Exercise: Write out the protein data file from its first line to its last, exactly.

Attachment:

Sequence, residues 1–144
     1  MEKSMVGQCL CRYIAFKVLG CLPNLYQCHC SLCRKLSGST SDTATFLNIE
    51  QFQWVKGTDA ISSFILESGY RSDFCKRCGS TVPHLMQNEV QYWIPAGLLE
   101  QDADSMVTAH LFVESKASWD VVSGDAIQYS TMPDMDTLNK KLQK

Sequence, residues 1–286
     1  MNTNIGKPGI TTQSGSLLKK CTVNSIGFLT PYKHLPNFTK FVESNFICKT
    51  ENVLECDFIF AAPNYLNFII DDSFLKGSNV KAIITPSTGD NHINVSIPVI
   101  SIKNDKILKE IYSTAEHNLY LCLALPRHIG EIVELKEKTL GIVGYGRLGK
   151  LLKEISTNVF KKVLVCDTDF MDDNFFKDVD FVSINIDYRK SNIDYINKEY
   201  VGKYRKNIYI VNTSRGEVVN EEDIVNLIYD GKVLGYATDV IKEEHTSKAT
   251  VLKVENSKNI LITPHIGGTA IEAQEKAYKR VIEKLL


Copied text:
Sequence, residues 1–144
     1  MEKSMVGQCL CRYIAFKVLG CLPNLYQCHC SLCRKLSGST SDTATFLNIE
    51  QFQWVKGTDA ISSFILESGY RSDFCKRCGS TVPHLMQNEV QYWIPAGLLE
   101  QDADSMVTAH LFVESKASWD VVSGDAIQYS TMPDMDTLNK KLQK

Sequence, residues 1–286
     1  MNTNIGKPGI TTQSGSLLKK CTVNSIGFLT PYKHLPNFTK FVESNFICKT
    51  ENVLECDFIF AAPNYLNFII DDSFLKGSNV KAIITPSTGD NHINVSIPVI
   101  SIKNDKILKE IYSTAEHNLY LCLALPRHIG EIVELKEKTL GIVGYGRLGK
   151  LLKEISTNVF KKVLVCDTDF MDDNFFKDVD FVSINIDYRK SNIDYINKEY
   201  VGKYRKNIYI VNTSRGEVVN EEDIVNLIYD GKVLGYATDV IKEEHTSKAT
   251  VLKVENSKNI LITPHIGGTA IEAQEKAYKR VIEKLL